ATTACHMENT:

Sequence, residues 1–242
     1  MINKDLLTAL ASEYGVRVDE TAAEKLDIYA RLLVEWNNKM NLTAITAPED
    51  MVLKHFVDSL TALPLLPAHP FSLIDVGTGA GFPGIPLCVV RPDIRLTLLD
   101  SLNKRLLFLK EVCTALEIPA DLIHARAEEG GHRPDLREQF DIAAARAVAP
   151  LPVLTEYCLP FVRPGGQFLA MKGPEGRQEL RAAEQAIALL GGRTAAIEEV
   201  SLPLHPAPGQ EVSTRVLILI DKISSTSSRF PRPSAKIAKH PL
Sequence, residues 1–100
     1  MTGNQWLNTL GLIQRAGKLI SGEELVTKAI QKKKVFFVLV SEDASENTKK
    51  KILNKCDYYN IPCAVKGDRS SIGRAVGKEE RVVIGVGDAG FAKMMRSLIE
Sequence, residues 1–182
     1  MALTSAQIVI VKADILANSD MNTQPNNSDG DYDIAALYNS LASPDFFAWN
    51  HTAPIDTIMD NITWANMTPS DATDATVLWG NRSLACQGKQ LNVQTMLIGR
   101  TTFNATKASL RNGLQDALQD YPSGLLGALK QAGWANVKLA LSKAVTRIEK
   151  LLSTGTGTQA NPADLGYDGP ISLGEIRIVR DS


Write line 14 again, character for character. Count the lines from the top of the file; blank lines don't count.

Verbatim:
   151  LLSTGTGTQA NPADLGYDGP ISLGEIRIVR DS